Of Pretense and Preservation of the Self: Theater, Trauma, and (Post)memory in The Mother of the Dog by Pavlos Matesis


  • Gonda Van Steen King’s College London


Pavlos Matesis, The Mother of the Dog, The Daughter, Novel, Postmemory, Narrative, Performance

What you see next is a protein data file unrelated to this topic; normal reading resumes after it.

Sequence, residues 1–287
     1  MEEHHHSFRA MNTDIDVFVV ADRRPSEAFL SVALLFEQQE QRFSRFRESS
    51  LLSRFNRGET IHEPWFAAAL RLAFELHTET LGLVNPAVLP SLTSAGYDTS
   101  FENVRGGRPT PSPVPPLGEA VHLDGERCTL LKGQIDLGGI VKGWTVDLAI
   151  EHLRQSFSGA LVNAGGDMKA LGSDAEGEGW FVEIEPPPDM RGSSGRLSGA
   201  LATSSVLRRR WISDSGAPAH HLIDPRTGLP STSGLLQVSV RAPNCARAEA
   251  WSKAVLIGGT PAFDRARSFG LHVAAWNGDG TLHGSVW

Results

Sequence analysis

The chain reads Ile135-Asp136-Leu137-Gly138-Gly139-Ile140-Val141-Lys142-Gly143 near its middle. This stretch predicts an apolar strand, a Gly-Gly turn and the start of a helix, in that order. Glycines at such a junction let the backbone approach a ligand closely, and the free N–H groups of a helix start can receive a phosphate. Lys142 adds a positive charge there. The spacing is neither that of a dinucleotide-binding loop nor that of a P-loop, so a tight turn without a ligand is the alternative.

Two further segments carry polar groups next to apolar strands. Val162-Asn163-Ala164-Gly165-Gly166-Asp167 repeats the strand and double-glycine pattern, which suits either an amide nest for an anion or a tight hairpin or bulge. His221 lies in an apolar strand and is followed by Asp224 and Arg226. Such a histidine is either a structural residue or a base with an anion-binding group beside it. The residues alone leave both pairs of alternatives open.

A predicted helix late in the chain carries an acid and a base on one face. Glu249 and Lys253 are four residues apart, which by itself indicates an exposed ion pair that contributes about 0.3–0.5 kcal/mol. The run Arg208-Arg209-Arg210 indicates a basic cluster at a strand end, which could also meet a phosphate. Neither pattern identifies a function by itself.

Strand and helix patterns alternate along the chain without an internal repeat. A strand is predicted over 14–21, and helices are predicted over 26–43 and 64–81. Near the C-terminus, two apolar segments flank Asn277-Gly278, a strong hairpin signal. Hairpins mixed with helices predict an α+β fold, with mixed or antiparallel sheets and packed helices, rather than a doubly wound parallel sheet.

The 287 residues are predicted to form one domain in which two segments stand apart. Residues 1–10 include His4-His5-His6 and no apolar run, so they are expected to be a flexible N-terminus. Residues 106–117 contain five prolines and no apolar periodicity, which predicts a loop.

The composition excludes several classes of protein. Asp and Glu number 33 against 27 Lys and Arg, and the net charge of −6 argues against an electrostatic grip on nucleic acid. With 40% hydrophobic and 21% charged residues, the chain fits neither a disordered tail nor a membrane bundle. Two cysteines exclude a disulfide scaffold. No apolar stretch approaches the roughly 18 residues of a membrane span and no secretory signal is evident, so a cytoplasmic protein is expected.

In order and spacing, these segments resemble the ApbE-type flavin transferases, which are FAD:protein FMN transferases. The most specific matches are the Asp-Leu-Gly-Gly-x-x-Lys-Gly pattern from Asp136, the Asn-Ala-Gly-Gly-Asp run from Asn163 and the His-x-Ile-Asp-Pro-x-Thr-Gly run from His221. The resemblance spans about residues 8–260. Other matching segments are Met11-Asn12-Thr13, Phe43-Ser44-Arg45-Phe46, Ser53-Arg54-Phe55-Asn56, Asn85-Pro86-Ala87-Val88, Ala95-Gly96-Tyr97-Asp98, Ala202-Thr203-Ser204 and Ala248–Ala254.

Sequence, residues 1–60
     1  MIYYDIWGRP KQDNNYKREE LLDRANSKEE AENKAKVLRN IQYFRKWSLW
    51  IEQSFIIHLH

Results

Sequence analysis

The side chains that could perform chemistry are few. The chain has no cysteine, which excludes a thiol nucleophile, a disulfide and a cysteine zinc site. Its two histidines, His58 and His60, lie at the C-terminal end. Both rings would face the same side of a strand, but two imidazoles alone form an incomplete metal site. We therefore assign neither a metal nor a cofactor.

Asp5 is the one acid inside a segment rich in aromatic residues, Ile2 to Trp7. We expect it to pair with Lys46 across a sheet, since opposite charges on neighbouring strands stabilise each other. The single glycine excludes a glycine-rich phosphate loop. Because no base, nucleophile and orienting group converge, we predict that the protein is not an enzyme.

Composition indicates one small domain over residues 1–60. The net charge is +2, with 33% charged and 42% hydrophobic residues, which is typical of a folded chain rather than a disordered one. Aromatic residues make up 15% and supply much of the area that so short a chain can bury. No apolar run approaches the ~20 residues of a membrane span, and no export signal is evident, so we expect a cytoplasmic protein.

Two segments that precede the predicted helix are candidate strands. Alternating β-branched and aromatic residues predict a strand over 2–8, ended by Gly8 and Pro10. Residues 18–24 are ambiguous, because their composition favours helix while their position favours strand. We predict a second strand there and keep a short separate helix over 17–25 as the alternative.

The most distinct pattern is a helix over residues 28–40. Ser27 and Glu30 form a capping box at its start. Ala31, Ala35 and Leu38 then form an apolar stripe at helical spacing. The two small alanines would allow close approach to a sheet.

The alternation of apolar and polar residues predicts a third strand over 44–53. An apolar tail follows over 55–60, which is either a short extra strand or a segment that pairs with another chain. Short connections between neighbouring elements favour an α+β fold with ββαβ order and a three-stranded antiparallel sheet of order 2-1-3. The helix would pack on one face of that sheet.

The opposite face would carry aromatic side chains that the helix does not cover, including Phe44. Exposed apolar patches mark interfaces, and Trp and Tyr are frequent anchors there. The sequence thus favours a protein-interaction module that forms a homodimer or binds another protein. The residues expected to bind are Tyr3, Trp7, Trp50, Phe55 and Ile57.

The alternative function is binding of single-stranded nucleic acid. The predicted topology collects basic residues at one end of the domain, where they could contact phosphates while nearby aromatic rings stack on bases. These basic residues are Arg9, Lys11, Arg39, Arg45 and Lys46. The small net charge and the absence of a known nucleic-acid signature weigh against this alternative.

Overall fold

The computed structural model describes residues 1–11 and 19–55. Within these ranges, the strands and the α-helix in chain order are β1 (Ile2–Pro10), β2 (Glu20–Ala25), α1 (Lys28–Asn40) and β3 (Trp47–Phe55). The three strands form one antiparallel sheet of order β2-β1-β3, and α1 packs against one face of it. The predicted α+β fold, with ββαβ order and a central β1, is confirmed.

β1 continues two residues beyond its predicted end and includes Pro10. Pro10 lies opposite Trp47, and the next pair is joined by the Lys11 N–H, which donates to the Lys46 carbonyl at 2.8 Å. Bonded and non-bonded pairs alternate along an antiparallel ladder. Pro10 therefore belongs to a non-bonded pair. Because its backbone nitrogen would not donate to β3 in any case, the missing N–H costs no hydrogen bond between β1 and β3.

This study discusses The Mother of the Dog, the first and now best-known novel of Pavlos Matesis, the celebrated Greek playwright. The 1990 popular novel, by its original Greek title of Η Μητέρα του σκύλου, was translated by Fred Reed as The Daughter, after its main character. The title switch is indicative of the reader’s willingness to move from the first to the second generation of those compelled to process devastating experiences and subsequent memories. This study unearths the novel’s themes of trauma and memory and speaks to issues framed by the theoretical concept of “postmemory.” In particular, I show how an extensive personal testimony from “postmemory” may fruitfully be read, analyzed, and integrated into Greek novel-writing as Greek history-writing—may even constitute the novel as history. Equipped with the notions and tools of postmemory and postmodernism of the 1990s, Matesis ironically reworks themes that have traditionally centered the master narrative of Greek nationalism. He subverts grand, patriotic Greek history and takes it down to the level of its perennial humble victims. Matesis presents the life of the nation, as of the heroine, as a performance manqué. He undercuts the “post-” of “postmemory” for demonstrating how Greek history failed to place both time and space between the first generation and the second generation of its trauma survivors and of its female victims, especially. The author’s deliberate inability to represent a romantic novel or even a few romantic characters, his preempting of any worthwhile performance, whether communal or individual, bestows on this Modern Greek novel a unique voice of cultural and sociopolitical criticism. This critique has transformed the oft-translated novel of 1990 into an early harbinger of a new and more challenging era of (internationally watched) crisis, whose harsh realities have curtailed patriotism and deflated appearances even further.